Lower Township Mayor Frank Sippel is administered the oath of office by Cape May County Sheriff Robert Nolan, as Sippel’s grandchildren, Colin and Ava, hold the Bible. 

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ERMA - 2020 brought a lot of changes to Lower Township and the world, but the municipality’s 2021 reorganization meeting retained the same mayor, council, and professional employees. However, there were some changes, including the venue of the meeting and new officers sworn into the Lower Township Police Department. 

This year’s meeting was held Jan. 4, at Lower Cape May Regional High School's Paul W. Schmidtchen Theatre to accommodate the audience of family, friends and the public. Town Hall, in Villas, can only hold about 25 people due to Covid restrictions. 

Everyone was required to wear a mask and only removed them to speak or have a picture taken. 

State Assemblyman and former Lower Township Mayor Erik Simonsen (R-1st) delivered the invocation, followed by the oath of office administered to Mayor Frank Sippel, Deputy Mayor David Perry, and Councilman Kevin Coombs. Simonsen swore in Coombs, while Cape May County Sheriff Robert Nolan swore in Sippel and Perry. 

Sippel addressed the crowd after being sworn, going through a list of accomplishments in the municipality, including refurbishing city parks and playgrounds, road work, including a major drainage project on Roseann Avenue, in North Cape May, and the continued generosity of the citizens. 


Christopher Vassar took the oath of office as a new Lower Township police officer. Shown, from left, are Cpt. Kevin Lewis, Cpt. Donald Vanaman, Vassar, Chief William Priole and Lt. Charles Ryan.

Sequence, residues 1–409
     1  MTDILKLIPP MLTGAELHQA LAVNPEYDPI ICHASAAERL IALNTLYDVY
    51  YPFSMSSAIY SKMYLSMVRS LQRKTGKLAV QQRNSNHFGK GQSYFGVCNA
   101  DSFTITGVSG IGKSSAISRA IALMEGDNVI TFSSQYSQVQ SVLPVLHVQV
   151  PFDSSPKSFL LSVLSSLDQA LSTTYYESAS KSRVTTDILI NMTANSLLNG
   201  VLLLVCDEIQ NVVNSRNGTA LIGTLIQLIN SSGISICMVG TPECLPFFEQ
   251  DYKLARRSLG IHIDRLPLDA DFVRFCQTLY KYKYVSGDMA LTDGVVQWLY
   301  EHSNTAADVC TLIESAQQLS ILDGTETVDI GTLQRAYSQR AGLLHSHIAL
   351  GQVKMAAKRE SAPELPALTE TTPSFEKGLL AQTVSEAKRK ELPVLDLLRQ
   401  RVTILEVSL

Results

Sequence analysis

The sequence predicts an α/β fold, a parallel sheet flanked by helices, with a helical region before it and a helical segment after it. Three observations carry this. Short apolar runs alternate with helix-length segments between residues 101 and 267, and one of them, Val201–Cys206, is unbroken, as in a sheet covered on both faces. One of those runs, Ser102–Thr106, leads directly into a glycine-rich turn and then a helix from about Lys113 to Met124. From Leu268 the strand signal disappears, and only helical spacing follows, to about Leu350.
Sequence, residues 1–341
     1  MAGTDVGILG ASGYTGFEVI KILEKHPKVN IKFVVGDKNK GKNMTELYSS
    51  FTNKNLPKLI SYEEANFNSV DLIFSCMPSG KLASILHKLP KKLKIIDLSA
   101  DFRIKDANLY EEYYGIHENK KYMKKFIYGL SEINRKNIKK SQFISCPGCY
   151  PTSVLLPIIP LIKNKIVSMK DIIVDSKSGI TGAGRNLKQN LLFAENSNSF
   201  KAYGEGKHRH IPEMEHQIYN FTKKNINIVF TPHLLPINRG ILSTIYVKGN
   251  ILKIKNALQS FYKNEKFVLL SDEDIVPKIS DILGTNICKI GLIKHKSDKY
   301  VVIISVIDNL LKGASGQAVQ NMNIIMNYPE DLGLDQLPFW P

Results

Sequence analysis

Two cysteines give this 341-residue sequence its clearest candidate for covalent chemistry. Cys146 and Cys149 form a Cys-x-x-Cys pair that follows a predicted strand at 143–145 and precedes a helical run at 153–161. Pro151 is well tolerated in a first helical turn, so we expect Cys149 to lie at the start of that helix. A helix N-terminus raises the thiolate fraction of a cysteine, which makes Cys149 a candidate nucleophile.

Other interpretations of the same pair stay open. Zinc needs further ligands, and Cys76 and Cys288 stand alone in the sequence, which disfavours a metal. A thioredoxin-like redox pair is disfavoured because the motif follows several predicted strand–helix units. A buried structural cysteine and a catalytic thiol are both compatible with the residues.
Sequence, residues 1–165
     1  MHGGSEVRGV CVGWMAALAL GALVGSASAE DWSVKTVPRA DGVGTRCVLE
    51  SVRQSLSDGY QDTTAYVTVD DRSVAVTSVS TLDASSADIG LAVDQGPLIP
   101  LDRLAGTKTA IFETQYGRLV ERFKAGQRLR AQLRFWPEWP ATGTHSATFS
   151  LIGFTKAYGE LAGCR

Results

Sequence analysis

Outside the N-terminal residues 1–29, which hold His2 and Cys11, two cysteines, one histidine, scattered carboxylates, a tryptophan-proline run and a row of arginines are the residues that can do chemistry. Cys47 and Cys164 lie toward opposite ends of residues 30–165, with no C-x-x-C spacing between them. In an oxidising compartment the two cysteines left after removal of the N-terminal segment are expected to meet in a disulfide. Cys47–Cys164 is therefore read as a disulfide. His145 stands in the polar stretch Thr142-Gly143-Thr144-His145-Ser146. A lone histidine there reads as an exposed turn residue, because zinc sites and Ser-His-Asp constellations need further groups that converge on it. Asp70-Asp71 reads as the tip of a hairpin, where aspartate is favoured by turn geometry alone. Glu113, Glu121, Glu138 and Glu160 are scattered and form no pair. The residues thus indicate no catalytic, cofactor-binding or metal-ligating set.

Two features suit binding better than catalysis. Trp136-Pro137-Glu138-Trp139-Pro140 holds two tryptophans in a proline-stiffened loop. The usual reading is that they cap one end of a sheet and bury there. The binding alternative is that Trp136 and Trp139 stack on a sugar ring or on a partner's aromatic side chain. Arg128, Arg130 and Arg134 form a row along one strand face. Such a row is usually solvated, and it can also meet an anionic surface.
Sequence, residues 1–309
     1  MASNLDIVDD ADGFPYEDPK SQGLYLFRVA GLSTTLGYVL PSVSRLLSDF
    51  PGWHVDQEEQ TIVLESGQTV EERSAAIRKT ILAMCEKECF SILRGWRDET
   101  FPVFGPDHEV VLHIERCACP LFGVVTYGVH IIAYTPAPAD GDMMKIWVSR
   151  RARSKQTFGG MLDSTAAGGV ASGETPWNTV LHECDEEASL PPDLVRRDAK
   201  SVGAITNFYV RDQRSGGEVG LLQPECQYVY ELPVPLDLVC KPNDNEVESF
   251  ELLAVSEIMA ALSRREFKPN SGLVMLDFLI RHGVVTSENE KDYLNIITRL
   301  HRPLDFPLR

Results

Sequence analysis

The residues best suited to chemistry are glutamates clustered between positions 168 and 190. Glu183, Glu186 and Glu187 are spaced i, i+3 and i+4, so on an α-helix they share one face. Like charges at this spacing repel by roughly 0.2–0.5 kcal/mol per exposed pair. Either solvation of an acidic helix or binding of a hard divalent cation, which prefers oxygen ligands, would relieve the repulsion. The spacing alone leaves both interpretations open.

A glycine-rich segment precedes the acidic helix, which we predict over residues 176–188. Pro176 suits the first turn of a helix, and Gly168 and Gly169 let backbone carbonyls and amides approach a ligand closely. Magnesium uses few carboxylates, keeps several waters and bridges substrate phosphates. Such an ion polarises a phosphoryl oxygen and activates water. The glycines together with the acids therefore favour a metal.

“We held two food drives and filled 10 trucks with donated food and collected over $10,000 to provide other items. We held a toy drive to provide toys for children in need. We live in a great township,” said Sippel. 

The mayor continued by looking ahead to challenges in the new year. 

“I am pleased to work with my fellow council members to keep Lower Township an affordable place to live. We face great challenges and great opportunities ahead,” Sippel said. 

Retired Police Chief William Mastriana was feted for his 28 years of service, and seven years and six months as chief. 

“It was an honor and a privilege to serve. I couldn’t pick a better bunch of guys to take over. I want to thank my family for supporting me my entire career,” Mastriana said. 

New Police Chief William Priole was administered the oath of office by Sippel. He served 29 years in the department and was instrumental in the renovations of the municipality’s public safety building and merger with county dispatch. 

Priole said he isn’t one for making long speeches and was true to his word. 


New Lower Township Police Chief William Priole is sworn by Lower Township Mayor Frank Sippel, as Priole’s girlfriend, Virginia Nichols, holds the Bible.

“We’ll continue to build on the work of Chief Mastiana,” Priole said. 

The police department presentations and awards continued, with the recognition of provisional promotions of Cpt. Kevin Lewis, Cpt. Donald Vanaman and Lt. Charles Ryan.  

Lt. Doug Whitten was recognized on his retirement from the force, and Officer Eric Danze received congratulations on his award from Mothers Against Drunk Drivers (M.A.D.D.). 


Sgt. Michael Perry is given the oath of office by his father, Lower Township Deputy Mayor David Perry. His sons, Michael and Madden, hold the Bible. His wife, Kourtney, pinned his new badge.

Sgt. Michael Perry was given the oath of office after his promotion by his father, Lower Township Deputy Mayor David Perry.  

“That was probably a once-in-a-lifetime moment,” Deputy Mayor Perry said. 

Taking their initial oath Jan. 4 were newly minted officers Christopher Vassar Jr., Patrick Dunn, and Antonio Marroquin. 

To contact Carl Price, email

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